You can see the LinkedIn post with video here.

This may seem obvious, but it’s interesting how few agencies take advantage of this opportunity.

Ultimately, you’ll want a case study for something like this, but this is an excellent way, in two paragraphs, to showcase your expertise and make a little humble brag as well.

Is this self-promotional? Yes.

Is it “unseemly”, as I said previously?  No.

Yes, it is ultimately about the work and the agency, but the focus is on the client, the menu item, and a recognition of the team.

2) Use Those Case Studies!

Here’s an example from Sanger & Eby in Cincinnati, OH.

Why Ad Agencies Don't Like To Self-Promote

You can see the post here.

I mentioned case studies above.  If you have them, use them!

Their LinkedIn post works well because it’s concise, and is all about the end result.

And this is a great example of showing results without raw numbers, which agencies, understandably, get concerned about.

3) Send Your Prospects To Your Site-That’s Why It’s There!

Here’s an example from the team at DSM in Mahwah, New Jersey

You can see the LinkedIn post here.

DSM are absolutely being self-promotional here.

But does it come off as too much? Overly promotional?

Not at all, and the key here is the way they’ve written this, like they’re talking to you , and not at you.

4) Talk About Those New Clients!

Here’s an example from from Barkley, in Kansas City.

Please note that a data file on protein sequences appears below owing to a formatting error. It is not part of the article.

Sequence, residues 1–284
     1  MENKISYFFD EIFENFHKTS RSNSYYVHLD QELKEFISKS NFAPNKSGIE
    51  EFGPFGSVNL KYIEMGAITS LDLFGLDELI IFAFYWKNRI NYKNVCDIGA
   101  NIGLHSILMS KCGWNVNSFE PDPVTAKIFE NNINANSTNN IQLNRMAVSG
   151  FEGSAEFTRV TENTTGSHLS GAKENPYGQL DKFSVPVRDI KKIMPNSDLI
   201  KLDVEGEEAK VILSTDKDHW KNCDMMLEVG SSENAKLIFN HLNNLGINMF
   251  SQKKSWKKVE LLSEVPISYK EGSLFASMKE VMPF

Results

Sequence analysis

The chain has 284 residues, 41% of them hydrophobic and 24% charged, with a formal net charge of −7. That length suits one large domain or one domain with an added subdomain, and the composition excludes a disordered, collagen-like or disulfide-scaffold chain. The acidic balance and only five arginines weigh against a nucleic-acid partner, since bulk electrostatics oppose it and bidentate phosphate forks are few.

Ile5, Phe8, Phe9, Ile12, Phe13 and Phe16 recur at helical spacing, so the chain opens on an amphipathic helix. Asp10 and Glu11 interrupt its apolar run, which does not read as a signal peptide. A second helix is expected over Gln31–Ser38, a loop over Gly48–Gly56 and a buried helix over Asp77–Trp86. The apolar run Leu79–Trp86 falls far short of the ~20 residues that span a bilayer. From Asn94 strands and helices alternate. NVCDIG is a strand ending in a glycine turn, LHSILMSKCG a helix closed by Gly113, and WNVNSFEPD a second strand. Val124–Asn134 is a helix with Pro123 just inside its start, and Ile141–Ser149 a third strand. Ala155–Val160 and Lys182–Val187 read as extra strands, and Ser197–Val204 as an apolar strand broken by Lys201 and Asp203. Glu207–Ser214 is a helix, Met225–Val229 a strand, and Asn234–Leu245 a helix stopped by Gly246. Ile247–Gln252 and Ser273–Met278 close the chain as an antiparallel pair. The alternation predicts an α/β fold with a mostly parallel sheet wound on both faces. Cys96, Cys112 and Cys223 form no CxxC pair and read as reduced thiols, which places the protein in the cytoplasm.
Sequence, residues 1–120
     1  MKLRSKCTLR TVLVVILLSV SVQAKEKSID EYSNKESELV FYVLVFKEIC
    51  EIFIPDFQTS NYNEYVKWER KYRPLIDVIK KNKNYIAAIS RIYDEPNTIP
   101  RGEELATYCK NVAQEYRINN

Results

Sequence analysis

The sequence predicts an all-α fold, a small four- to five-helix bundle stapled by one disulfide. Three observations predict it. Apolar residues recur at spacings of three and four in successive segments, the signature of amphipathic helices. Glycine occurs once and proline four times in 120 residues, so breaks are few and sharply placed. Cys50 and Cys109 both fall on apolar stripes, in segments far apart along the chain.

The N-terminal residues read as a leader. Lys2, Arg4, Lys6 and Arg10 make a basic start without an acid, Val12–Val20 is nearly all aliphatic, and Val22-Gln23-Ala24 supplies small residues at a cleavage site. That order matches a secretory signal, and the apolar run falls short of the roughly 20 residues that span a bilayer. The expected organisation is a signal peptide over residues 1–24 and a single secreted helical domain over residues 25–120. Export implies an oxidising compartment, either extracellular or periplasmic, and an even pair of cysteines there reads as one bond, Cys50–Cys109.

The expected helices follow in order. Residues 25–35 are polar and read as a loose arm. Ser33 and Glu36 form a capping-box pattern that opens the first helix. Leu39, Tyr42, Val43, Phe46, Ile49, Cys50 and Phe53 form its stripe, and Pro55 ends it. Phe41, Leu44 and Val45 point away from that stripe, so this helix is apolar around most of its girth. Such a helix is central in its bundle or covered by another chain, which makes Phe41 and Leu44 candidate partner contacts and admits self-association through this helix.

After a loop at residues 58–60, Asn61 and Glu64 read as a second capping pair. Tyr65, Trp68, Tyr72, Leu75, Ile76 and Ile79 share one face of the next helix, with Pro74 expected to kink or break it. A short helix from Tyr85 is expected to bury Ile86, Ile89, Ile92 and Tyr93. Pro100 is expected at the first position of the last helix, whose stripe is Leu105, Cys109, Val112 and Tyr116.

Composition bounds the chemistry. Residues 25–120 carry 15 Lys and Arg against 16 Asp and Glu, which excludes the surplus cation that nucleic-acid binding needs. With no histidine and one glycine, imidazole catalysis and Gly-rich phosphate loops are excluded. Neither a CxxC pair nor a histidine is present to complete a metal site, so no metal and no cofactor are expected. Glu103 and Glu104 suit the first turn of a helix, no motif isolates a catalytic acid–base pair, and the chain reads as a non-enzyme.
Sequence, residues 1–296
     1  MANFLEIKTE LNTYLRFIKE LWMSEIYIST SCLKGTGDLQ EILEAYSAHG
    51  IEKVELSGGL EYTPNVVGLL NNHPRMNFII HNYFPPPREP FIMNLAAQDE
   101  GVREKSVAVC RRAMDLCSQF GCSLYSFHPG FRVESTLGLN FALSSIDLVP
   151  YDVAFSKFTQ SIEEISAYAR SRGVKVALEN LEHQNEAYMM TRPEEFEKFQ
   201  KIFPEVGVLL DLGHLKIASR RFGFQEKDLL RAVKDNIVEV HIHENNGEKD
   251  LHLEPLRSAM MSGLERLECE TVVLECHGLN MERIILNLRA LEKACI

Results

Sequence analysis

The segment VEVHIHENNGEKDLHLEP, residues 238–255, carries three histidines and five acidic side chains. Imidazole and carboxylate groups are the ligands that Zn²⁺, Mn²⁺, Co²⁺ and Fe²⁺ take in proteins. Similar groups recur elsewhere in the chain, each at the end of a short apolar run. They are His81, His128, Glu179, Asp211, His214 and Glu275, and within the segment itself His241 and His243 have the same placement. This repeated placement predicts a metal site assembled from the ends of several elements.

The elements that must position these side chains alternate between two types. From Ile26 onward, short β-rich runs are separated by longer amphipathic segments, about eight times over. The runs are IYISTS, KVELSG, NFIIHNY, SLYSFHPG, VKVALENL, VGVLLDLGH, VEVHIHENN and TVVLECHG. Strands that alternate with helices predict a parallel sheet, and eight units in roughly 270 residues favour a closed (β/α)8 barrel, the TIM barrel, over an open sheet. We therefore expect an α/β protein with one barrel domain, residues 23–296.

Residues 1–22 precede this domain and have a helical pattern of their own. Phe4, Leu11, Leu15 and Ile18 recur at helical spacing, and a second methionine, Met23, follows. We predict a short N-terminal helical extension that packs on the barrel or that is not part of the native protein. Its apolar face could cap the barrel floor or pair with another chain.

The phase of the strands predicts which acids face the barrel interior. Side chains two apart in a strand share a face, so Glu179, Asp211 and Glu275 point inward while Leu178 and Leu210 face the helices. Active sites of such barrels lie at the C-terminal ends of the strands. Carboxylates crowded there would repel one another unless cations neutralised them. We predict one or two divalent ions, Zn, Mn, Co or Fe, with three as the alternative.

Why Ad Agencies Don't Like To Self-Promote 1

You can see the LinkedIn post with video here.

Simple, punny (in a fun way), and obviously impressive with a name client like Post.

And the video is fun and creative.

But your new client doesn’t have to be Post, or have a video that goes to this extent.

Celebrating a new win in a real way (I wanted to use authentic, but it’s so overused) is fantastic.

Shows your expertise, prowess, and appreciation.

I love it.

5) Discuss A Trend, Tool, Or Platform

From The Cyphers Agency in Baltimore, MD

Why Ad Agencies Don't Like To Self-Promote

You can see the LinkedIn post here.

You don’t always have to be agency-focused in your content to post something value-added that will show your chops to a prospect.

This is a great example of content that’s not directly about the agency, but they name-drop, in a non-intrusive way, some of the verticals they focus on, and then most importantly, a call to action at the bottom of the post in italics.

It’s unobtrusive but well-written:

If you would like help with your webinar strategy or moderation, feel free to contact us. We offer a variety of services like social media marketing, digital marketing & analytics, marketing & brand strategy, and more to small and large companies.

Ideally, these examples help your firm feel better about promoting all the good work you do-all with the aim of bringing on new clients.

Oh, and I mentioned I would throw out why you really do need to do it.

Because if you aren’t, another agency is.